Everything You Need to Know About Drug Possession Charges QLD

"A common misconception about drug possession charges is that you can only be charged if you’re found to own illegal drugs. "

Queensland has extremely strict laws surrounding drug possession, so it is very important to be informed if you have been charged with a drug-related offence. Here is a guide to everything you need to know about drug possession charges QLD, from penalties, your rights and how criminal lawyers can help you.

 

What Does Drug Possession Include?

A common misconception about drug possession charges is that you can only be charged if you’re found to own illegal drugs. Unfortunately, drug possession charges apply to a much broader range of activities. You can be charged with drug possession for simply knowing about drugs in your household, even if you did not buy or use them.

Basically, if the prosecution can prove that you had both knowledge and control of the drug (control being the ability to access it), then you can be convicted of drug possession. You can also be charged with possession of drug paraphernalia, which includes any materials used to take or produce illegal drugs. If you’re unsure about which charges you could be convicted for, consider seeking guidance from specialist Queensland drug lawyers.

 

Queensland Drug Legislation

The severity of a drug possession offense in Queensland is dependent on the type of drug involved. In Queensland, illegal drugs are divided into three categories. Schedule 1 Part 1 drugs carry the most severe penalties, and include drugs such as heroin, cocaine and amphetamine. Schedule 1 Part 2 drugs include all anabolic and androgenic steroidal agents. Schedule 2 drugs include but aren’t limited to cannabis, morphine and pethidine.  A full list of illegal drugs and their corresponding categories can be found in the Drugs Misuse Regulation 1987.

 

Penalties for Drug Possession

Penalties for drug possession and other drug-related offences vary depending on the amount and category of drug involved. For example, possessing a schedule 1 drug in quantities that exceed those set out in schedule 4 of the Drugs Misuse Regulation 1987 can result in a maximum penalty of 25 years. But if you possess drugs in other schedules and in lower quantities, you face penalties far less severe.

In some cases of minor drug offences, offenders are given the opportunity to receive professional help to quit using drugs through the Police Drug Diversion Program instead of attending court and receiving a criminal record. We have detailed more information about this program later in the article.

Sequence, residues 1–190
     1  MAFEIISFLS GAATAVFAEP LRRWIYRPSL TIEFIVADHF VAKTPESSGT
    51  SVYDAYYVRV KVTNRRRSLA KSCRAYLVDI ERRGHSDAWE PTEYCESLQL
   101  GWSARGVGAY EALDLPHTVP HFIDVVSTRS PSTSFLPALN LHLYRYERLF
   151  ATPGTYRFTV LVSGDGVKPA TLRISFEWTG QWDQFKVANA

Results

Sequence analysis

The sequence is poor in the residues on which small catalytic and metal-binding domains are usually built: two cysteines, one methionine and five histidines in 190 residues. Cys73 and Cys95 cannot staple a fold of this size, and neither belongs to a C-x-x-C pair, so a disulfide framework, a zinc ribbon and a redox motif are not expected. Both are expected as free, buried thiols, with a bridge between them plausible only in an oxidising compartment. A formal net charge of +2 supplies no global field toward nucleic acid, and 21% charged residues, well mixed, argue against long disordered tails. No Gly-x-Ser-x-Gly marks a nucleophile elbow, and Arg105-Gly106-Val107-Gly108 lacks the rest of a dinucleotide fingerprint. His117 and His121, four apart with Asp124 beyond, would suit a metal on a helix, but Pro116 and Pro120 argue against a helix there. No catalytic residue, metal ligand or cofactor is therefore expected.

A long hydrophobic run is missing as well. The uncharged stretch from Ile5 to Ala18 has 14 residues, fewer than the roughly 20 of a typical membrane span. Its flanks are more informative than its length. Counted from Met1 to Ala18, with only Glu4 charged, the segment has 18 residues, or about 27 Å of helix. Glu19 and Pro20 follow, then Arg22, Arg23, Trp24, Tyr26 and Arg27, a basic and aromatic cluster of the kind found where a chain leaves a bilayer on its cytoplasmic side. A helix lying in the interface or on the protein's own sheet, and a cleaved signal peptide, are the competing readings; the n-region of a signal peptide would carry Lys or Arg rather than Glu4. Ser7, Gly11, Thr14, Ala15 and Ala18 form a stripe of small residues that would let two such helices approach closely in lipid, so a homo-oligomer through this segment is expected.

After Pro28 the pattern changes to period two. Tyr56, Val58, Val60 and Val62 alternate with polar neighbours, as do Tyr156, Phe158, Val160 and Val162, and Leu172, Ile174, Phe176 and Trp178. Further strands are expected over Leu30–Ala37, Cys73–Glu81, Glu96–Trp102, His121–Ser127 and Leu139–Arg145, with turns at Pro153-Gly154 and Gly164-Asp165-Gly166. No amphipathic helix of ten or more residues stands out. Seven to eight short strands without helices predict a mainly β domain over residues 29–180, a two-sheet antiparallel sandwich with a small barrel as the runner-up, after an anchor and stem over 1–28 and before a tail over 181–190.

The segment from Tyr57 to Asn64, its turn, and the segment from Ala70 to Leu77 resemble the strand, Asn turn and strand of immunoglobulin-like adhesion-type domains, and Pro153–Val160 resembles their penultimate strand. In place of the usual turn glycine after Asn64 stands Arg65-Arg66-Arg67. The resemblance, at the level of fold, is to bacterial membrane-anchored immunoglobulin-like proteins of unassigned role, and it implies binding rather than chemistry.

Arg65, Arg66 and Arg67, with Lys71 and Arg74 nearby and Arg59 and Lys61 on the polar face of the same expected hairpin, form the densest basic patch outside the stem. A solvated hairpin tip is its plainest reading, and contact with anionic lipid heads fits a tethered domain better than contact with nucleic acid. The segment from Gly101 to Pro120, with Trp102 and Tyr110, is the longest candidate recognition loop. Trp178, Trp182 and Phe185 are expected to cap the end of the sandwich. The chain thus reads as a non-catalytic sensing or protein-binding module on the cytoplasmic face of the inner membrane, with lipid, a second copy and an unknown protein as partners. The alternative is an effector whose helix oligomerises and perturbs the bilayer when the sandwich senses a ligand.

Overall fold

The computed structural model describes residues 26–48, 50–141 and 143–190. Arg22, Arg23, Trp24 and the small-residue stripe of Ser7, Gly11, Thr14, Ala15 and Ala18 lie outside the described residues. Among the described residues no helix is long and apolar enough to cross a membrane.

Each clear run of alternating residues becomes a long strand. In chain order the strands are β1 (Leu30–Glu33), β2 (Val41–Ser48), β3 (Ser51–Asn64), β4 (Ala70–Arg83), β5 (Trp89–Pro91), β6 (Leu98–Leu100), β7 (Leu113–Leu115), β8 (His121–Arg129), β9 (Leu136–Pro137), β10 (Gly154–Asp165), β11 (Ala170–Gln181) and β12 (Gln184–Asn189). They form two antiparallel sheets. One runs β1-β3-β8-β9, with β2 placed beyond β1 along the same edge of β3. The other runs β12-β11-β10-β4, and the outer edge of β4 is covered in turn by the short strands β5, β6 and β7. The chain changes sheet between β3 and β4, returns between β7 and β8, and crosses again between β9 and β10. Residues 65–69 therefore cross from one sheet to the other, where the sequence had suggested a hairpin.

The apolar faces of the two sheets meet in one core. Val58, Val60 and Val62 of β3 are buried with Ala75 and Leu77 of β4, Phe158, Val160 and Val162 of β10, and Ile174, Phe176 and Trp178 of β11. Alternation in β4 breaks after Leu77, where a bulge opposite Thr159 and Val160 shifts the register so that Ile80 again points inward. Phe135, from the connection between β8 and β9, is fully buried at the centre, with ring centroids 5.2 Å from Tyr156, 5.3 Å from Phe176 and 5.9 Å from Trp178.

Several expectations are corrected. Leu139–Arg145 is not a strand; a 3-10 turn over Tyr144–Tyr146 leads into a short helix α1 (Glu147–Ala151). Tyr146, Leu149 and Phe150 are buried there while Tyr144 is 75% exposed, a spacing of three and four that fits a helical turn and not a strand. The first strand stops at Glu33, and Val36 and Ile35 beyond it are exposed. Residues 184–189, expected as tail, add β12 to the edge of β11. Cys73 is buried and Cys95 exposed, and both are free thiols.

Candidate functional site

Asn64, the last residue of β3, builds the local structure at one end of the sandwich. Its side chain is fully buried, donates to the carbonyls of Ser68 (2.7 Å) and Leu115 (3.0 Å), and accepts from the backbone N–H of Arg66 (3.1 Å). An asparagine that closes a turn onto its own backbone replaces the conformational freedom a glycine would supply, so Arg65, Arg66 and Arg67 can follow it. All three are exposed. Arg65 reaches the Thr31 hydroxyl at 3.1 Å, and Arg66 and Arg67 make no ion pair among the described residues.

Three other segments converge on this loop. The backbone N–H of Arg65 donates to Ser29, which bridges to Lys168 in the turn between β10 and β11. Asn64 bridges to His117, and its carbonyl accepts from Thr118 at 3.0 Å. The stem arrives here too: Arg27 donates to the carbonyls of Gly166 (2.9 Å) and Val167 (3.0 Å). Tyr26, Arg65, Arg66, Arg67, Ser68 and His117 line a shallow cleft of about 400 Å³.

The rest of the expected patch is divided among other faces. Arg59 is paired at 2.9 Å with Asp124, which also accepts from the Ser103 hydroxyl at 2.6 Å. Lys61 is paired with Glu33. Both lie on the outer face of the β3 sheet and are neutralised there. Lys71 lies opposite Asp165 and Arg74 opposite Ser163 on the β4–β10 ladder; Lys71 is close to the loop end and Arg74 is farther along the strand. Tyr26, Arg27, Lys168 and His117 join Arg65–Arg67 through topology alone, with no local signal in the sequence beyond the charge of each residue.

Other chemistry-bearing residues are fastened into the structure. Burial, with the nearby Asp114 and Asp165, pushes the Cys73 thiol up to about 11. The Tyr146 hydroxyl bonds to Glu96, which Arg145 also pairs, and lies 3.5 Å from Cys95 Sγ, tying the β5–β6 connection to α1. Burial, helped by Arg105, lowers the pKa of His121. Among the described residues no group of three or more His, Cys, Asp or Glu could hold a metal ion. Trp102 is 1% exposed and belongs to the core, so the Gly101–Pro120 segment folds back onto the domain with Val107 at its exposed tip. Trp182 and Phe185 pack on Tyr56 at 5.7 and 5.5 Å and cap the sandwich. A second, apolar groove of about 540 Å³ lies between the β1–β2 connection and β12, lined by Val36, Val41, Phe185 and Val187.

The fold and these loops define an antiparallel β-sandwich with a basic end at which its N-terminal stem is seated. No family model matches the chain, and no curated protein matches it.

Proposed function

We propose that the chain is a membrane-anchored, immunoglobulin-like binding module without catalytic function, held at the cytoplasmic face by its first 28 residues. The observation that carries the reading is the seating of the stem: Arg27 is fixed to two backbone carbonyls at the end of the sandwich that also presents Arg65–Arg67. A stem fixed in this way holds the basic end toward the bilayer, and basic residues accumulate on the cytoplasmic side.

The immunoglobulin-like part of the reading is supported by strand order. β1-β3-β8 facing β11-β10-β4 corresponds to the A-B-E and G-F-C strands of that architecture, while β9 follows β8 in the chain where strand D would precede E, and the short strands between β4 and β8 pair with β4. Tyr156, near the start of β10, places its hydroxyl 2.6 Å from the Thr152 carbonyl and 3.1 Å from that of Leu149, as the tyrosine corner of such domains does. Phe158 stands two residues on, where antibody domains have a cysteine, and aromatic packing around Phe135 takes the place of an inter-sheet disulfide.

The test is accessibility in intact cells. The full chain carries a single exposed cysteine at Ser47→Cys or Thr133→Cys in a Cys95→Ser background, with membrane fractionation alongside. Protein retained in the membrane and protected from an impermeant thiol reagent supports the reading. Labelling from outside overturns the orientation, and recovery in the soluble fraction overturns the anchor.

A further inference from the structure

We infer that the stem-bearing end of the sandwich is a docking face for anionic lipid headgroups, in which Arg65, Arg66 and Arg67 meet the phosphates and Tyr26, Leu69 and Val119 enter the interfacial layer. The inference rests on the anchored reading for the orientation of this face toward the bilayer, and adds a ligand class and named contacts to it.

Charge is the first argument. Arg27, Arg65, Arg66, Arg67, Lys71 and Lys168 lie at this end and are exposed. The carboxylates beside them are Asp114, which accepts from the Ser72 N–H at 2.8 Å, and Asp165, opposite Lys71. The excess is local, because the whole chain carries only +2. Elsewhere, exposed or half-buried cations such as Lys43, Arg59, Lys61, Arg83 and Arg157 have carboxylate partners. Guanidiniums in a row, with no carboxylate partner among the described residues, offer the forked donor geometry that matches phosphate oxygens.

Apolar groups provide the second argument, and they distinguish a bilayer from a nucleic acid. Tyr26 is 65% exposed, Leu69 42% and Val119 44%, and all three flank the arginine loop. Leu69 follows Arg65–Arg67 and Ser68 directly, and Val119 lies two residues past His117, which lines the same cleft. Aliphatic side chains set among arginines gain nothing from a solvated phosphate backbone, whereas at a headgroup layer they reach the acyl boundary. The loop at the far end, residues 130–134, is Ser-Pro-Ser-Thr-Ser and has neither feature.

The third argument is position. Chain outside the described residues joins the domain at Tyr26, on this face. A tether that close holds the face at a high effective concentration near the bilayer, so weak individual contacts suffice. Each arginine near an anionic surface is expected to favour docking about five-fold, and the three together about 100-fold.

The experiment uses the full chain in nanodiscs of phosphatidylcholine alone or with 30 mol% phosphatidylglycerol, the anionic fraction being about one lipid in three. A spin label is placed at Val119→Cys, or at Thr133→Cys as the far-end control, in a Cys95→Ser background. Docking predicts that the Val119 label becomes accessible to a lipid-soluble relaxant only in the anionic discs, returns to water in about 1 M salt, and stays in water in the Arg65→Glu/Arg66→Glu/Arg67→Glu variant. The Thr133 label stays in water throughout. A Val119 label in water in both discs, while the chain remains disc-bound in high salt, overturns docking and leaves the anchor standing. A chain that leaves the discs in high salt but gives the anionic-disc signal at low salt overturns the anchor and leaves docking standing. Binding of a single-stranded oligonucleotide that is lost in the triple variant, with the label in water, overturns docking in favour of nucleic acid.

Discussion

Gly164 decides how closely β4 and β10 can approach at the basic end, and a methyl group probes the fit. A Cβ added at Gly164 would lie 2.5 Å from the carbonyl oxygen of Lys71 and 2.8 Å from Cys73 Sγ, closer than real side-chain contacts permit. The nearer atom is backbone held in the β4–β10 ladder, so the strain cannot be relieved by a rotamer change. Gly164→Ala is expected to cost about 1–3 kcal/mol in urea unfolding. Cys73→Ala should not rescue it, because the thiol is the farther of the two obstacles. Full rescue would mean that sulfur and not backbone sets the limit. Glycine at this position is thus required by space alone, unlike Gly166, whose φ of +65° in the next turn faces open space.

Police Searches for Drug Possession

A Queensland police officer has the right to:

  • Stop and search you if they reasonably suspect you may have a dangerous drug in your possession (including a strip search as long as it is done by an officer of the same sex)
  • Stop and search your vehicle if they reasonably suspect there is a dangerous drug in the vehicle
  • Search your house or business (in some circumstances) if they reasonably suspect there is evidence that may otherwise be hidden or destroyed
  • Use drug detection dogs in certain places

Police officers may also have the ability to search you in other situations without a warrant. You can read more about this via the Queensland Government’s legal assistance service Legal Aid.

 

What to Do if You’re Charged with Drug Possession

It is important to be aware that if you are being investigated for a drug-related offence you may be asked to provide your name and address. It is against the law not to answer. However, if you have been charged with a drug-related offence, you should seek legal advice from Queensland drug lawyers as soon as possible.

While you arrange legal assistance, you should ask police prosecutions for a copy of your Queensland Police Form 9 (otherwise known as QP9). This is a written summary of why the police decided to charge you. This will provide valuable information to your lawyer for them to help minimise your penalty.

 

Police Drug Diversion Program

The Police Drug Diversion Program is a legislated diversion program that enables police to offer eligible persons, apprehended for a minor drug offence, with an opportunity ​to attend and complete a Drug Diversion Assessment Program. This is a much more desirable alternative to going through the court process and incurring a criminal record.

In the case of this particular program, a minor drug offence includes the possession of no more than 50 grams of cannabis, or an item that is used for smoking cannabis. Here is a comprehensive brochure by the Queensland Police on the specifics of this program.

 

Do You Need Legal Advice?

If you have been charged with a drug possession offence in Brisbane or the surrounding areas, you should seek legal advice from the most experienced drug lawyers Brisbane can offer you. Doing so will greatly improve your chances of lessening the severity your penalty.

Guest Lawyers offer free initial consultations (including in prisons) to assist with a number of drug offence matters. Please get in touch with our lawyers either via Guest Lawyers’ email or by calling (07) 3211 3007. Our team of experienced Brisbane drug lawyers will be more than happy to assist you.